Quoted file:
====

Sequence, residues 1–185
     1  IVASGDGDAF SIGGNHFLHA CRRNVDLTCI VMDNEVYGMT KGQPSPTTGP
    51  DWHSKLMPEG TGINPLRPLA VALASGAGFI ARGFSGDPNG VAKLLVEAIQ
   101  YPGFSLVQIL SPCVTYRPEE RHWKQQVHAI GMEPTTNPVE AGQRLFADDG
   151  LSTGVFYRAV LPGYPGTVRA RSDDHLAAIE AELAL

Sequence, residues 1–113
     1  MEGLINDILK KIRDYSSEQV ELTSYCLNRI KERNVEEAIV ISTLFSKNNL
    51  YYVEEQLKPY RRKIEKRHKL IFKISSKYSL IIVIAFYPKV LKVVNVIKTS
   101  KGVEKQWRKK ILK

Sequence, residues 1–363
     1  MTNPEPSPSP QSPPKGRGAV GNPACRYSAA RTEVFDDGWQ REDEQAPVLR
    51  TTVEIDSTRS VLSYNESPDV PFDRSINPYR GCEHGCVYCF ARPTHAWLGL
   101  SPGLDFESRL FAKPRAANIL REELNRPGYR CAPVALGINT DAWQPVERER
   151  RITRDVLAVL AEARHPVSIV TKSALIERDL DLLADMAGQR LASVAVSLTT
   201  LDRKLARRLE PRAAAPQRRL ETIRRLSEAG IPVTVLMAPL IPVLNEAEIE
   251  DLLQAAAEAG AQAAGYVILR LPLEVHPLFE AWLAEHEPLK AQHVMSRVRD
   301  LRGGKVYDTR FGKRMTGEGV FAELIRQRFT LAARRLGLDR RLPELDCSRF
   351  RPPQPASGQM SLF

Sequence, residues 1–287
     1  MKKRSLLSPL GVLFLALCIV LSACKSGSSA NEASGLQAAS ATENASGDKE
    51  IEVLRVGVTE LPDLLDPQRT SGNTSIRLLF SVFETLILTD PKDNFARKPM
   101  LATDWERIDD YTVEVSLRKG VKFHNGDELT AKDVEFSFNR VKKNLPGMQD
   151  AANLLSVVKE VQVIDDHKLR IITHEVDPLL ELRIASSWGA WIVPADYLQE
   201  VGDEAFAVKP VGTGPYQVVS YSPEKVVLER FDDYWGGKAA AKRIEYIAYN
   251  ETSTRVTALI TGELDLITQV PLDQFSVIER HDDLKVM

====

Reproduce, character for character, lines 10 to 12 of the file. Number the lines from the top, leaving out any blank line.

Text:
Sequence, residues 1–363
     1  MTNPEPSPSP QSPPKGRGAV GNPACRYSAA RTEVFDDGWQ REDEQAPVLR
    51  TTVEIDSTRS VLSYNESPDV PFDRSINPYR GCEHGCVYCF ARPTHAWLGL